Project description:GLUT2 is a facilitative glucose transporter, expressed in polarized epithelial cells of the liver, intestine, kidney and pancreas, where it plays a critical role in glucose homeostasis. Together with SGLT1/2, it mediates glucose absorption in metabolic epithelial tissues, where it can be translocated apically upon high glucose exposure. To track the subcellular localization and dynamics of GLUT2, we created an mCherry-hGLUT2 fusion protein and expressed it in multicellular kidney cysts, a major site of glucose reabsorption. Live imaging of GLUT2 enabled us to avoid the artefactual localization of GLUT2 in fixed cells and to confirm the apical GLUT2 model. Live cell imaging showed a rapid 15 ± 3 min PKC-dependent basal-to-apical translocation of GLUT2 in response to glucose stimulation and a fourfold slower basolateral translocation under starvation. These results mark the physiological importance of responding quickly to rising glucose levels. Importantly, we show that phloretin, an apple polyphenol, inhibits GLUT2 translocation in both directions, suggesting that it exerts its effect by PKC inhibition. Subcellular localization studies demonstrated that GLUT2 is endocytosed through a caveolae-dependent mechanism, and that it is at least partly recovered in Rab11A-positive recycling endosome. Our work illuminates GLUT2 dynamics, providing a platform for drug development for diabetes and hyperglycaemia.
Project description:The objective was to evaluate the effect of black bean protein fraction (PFRA), and its derived peptides on glucose uptake, SGLT1 and GLUT2 expression and translocation on Caco-2 cells. The effect of treatments was evaluated on glucose uptake, protein expression and localization and gene expression on Caco-2 cells. PFRA (10?mg/mL) lowered glucose uptake from 27.4% after 30?min to 33.9% after 180?min of treatment compared to untreated control (p?<?0.05). All treatments lowered GLUT2 expression after 30?min of treatment compared to untreated control (31.4 to 48.6%, p?<?0.05). Similarly, after 24?h of treatment, GLUT2 was decreased in all treatments (23.5% to 48.9%) (p?<?0.05). SGLT1 protein expression decreased 18.3% for LSVSVL (100??M) to 45.1% for PFRA (10?mg/mL) after 24?h. Immunofluorescence microscopy showed a decrease in expression and membrane translocation of GLUT2 and SGLT1 for all treatments compared to untreated control (p?<?0.05). Relative gene expression of SLC2A2 (GLUT2) and SLC5A1 (SGLT1) was downregulated significantly up to two-fold change compared to the untreated control after 24?h treatment. Black bean protein fractions are an inexpensive, functional ingredient with significant biological potential to reduce glucose uptake and could be used as an adjuvant in the treatment of colorectal cancer.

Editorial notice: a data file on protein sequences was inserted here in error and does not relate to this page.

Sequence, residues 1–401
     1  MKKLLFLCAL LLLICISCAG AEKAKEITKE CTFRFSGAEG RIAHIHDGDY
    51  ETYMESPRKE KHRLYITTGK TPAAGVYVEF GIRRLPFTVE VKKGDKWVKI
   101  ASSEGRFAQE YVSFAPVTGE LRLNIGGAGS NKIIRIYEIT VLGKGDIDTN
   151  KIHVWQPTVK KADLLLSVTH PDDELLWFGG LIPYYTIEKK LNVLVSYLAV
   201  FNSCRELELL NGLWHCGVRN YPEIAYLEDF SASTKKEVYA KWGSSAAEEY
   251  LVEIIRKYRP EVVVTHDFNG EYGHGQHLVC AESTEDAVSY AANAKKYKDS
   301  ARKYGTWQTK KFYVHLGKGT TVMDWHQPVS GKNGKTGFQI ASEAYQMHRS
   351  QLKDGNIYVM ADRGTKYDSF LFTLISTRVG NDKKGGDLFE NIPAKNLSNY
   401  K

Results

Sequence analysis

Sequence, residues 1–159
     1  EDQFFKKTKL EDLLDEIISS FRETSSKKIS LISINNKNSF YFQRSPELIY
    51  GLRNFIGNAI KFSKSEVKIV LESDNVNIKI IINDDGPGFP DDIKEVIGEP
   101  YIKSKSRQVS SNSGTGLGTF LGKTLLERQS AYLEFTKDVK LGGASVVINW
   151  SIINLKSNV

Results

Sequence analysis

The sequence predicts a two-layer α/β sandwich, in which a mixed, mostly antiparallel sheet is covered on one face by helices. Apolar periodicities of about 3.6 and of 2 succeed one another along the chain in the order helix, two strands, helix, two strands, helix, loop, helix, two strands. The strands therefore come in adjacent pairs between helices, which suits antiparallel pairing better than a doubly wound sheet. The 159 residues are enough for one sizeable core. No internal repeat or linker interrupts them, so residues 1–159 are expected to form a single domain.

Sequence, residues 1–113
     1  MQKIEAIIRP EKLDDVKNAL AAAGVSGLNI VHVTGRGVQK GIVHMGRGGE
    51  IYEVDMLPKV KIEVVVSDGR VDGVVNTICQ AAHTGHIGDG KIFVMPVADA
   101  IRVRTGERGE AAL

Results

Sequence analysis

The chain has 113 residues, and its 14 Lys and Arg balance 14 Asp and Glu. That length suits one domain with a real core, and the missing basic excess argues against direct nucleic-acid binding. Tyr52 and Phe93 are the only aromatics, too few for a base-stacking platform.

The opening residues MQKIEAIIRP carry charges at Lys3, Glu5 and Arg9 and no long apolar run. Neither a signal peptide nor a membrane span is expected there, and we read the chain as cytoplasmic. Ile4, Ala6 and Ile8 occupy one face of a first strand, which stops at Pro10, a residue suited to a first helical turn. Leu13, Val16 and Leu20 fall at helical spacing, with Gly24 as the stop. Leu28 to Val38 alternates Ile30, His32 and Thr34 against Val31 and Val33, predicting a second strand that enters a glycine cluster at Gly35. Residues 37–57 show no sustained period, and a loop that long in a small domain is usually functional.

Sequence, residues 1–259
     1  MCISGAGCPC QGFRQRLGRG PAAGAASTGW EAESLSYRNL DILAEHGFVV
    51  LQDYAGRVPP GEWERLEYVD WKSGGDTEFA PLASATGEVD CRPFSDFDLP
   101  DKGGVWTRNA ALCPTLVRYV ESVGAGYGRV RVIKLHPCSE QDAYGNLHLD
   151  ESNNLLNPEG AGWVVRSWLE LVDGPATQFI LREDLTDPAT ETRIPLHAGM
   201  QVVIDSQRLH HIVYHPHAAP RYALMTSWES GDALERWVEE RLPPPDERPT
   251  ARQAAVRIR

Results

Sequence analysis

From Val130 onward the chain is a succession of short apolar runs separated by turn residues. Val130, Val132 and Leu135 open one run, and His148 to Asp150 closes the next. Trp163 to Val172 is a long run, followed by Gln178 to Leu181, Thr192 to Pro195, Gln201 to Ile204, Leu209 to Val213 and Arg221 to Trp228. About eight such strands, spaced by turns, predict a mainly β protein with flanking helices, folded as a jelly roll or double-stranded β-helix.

Project description:Several glucose-sensing pathways have been implicated in glucose-triggered secretion of glucagon-like peptide-1 (GLP-1) from intestinal L cells. One involves glucose metabolism and closure of ATP-sensitive K(+) channels, and another exploits the electrogenic nature of Na(+)-coupled glucose transporters (SGLTs). This study aimed to elucidate the role of these distinct mechanisms in glucose-stimulated GLP-1 secretion.Glucose uptake into L cells (either GLUTag cells or cells in primary cultures, using a new transgenic mouse model combining proglucagon promoter-driven Cre recombinase with a ROSA26tdRFP reporter) was monitored with the FLII(12)Pglu-700 ??6 glucose sensor. Effects of pharmacological and genetic interference with SGLT1 or facilitative glucose transport (GLUT) on intracellular glucose accumulation and metabolism (measured by NAD(P)H autofluorescence), cytosolic Ca(2+) (monitored with Fura2) and GLP-1 secretion (assayed by ELISA) were assessed.L cell glucose uptake was dominated by GLUT-mediated transport, being abolished by phloretin but not phloridzin. NAD(P)H autofluorescence was glucose dependent and enhanced by a glucokinase activator. In GLUTag cells, but not primary L cells, phloretin partially impaired glucose-dependent secretion, and suppressed an amplifying effect of glucose under depolarising high K(+) conditions. The key importance of SGLT1 in GLUTag and primary cells was evident from the impairment of secretion by phloridzin or Sglt1 knockdown and failure of glucose to trigger cytosolic Ca(2+) elevation in primary L cells from Sglt1 knockout mice.SGLT1 acts as the luminal glucose sensor in L cells, but intracellular glucose concentrations are largely determined by GLUT activity. Although L cell glucose metabolism depends partially on glucokinase activity, this plays only a minor role in glucose-stimulated GLP-1 secretion.